John and Karl were peak John and Karl. But the high scoring, but limited everywhere else Jeff was a problem. He didn't handle the ball well or distribute effectively. He wasn't a two-way player. And he was a shooting guard in the NBA during a time of transition where more and more teams were taking -- and making -- the three point shot.

The Utah Jazz brass had to move him in order to move up.

Utah Philadelphia
Jeff Hornacek (PHI) Jeff Malone (UTA)
Sean Green (PHI) 1994 1st Rounder (B.J. Tyler) (UTA)
1995 2nd Rounder (Junior Burrough) (PHI)

In both trades the Utah Jazz received the best player. While Malone helped the Jazz go from a surprise team in the playoffs to a consistent team that can win a round, Hornacek helped the Jazz go from a team at their ceiling to an actual Championship contender. (Hornacek was an All-Star with the Phoenix Suns and his Philly stats were: 19.1 ppg, 6.9 apg, 4.3 rpg, 1.7 spg, 1.2 threes per game, while shooting .470 / .390 / .865 -- arguably way better than Malone's Bullets stats, or even more arguably, Gordon Hayward's Jazz stats as the 1st option today.)

With Malone the Jazz won a lot of regular season games, but when the playoffs started it was clear Utah needed to move one of their best players in order to move up. I'm happy that they did, Horny was one of my favorite non-Jazz players for a long time before this Trade Deadline Deal went down.

So what is Jeff Malone's legacy? It's not easy to score between 18-20 ppg off of just jumpers, without the long-ball, and doing it while shooting around 50 FG%. What he was capable of doing hasn't been replicated by any Utah Jazz guard since. On the other hand, the team took the next step after dropping him. He exists within the continuum, but overall his accomplishments are overshadowed.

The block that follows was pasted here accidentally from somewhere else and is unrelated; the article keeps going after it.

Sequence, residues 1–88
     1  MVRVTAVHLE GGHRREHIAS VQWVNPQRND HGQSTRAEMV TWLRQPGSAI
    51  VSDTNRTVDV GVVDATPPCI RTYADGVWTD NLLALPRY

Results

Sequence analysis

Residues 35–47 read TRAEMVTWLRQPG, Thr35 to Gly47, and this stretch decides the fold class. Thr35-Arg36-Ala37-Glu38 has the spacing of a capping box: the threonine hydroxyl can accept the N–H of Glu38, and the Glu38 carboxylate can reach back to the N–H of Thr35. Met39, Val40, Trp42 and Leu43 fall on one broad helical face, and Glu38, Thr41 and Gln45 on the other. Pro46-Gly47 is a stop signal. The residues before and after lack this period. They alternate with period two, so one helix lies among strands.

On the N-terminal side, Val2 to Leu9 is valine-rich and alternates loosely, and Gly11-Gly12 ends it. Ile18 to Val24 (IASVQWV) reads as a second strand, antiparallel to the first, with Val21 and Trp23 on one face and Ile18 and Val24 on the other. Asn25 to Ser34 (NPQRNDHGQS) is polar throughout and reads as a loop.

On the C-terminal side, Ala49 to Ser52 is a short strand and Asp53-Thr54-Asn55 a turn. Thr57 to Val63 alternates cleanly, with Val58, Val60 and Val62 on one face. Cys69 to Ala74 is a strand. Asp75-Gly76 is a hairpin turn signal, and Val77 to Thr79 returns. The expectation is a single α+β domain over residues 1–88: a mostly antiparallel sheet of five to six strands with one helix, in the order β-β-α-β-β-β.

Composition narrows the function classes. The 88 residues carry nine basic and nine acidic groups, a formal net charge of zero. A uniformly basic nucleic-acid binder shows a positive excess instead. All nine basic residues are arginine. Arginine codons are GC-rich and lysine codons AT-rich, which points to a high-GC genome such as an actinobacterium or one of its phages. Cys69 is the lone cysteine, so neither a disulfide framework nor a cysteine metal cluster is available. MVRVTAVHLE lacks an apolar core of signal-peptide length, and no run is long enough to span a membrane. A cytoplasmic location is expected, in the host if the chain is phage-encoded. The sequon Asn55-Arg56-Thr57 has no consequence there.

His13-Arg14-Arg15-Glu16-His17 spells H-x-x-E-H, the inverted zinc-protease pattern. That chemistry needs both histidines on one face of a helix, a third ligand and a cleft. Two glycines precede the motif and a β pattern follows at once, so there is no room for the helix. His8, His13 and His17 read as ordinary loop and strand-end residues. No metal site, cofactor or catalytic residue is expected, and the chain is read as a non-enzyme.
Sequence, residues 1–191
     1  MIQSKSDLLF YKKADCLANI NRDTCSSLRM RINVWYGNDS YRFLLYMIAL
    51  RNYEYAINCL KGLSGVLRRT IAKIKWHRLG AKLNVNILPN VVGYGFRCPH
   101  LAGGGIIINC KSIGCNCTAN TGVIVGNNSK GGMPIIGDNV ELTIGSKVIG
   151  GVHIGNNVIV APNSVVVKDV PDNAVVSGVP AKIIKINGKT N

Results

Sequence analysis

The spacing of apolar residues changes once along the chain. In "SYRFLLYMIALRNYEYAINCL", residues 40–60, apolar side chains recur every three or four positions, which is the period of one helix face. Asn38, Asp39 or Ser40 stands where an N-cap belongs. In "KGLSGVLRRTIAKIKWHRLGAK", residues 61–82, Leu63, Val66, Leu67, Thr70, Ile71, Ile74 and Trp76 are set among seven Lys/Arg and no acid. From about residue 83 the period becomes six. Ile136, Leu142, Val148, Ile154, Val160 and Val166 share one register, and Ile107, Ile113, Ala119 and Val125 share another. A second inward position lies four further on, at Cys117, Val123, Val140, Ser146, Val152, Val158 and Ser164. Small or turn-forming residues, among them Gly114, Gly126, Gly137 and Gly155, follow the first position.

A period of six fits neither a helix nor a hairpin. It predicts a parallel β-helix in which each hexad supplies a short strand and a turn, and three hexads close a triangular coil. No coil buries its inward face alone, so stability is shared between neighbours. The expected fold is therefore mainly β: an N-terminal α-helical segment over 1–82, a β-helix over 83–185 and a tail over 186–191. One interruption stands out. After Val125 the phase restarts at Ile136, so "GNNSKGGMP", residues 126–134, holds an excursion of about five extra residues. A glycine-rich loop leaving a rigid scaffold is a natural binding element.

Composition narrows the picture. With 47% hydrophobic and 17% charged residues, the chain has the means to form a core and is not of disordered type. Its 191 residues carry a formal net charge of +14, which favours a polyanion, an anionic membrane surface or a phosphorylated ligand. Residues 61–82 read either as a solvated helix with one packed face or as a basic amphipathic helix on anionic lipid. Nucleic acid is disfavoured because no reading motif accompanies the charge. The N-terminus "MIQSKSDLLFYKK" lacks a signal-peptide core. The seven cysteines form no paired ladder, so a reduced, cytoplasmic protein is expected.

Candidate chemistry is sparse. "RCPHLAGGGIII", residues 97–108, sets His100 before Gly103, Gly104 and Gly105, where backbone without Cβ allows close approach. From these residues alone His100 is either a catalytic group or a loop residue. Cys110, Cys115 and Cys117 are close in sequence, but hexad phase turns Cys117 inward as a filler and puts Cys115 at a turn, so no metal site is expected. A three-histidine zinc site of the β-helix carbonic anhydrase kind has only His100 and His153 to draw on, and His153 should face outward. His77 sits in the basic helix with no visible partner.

The Bobby Hansen trade brought in Jeff Malone, who was then traded for Jeff Hornacek -- a better shooter and better overall fit who helped the team become great. There are some significant parallels here to the DeShawn Stevenson trade (impressive for a year, like Hansen) that brought in Gordan Giricek, who was then later on traded for Kyle Korver -- a better shooter and better overall fit. I'm not equating Jeff Malone to Gordan Giricek here. Malone was a great fit for Jerry Sloan, while Giricek was not. As a result, a lot more was put into the system because of Malone vs. the near endless frustration of Giricek.

But within the bigger picture they were both traded players who immediately upgraded the team, who were traded themselves later on to help the team take the next step. But even if you do the apples to oranges comparison, you see two players (Malone playing about 10.0 mpg more over his career) who averaged about the same about of RPG, APG, SPG, and BPG, but one guy shot twice a much and averaged less than twice more. The big difference is Giricek shooting 2.0 threes a game and making .368 of them vs. Malone shooting 0.4 threes a game and making .268 of them. They both shot in the 80s from the FT line and Giricek's .442 isn't that much worse than Malone's .484 overall. Of course, there is no equalizer needed, as Malone played over 20,000 more career NBA minutes. Sample size matters here.

The apples to apples comparison against Jeff Hornacek shows that in this case being great at one thing isn't better than being good to great at many things.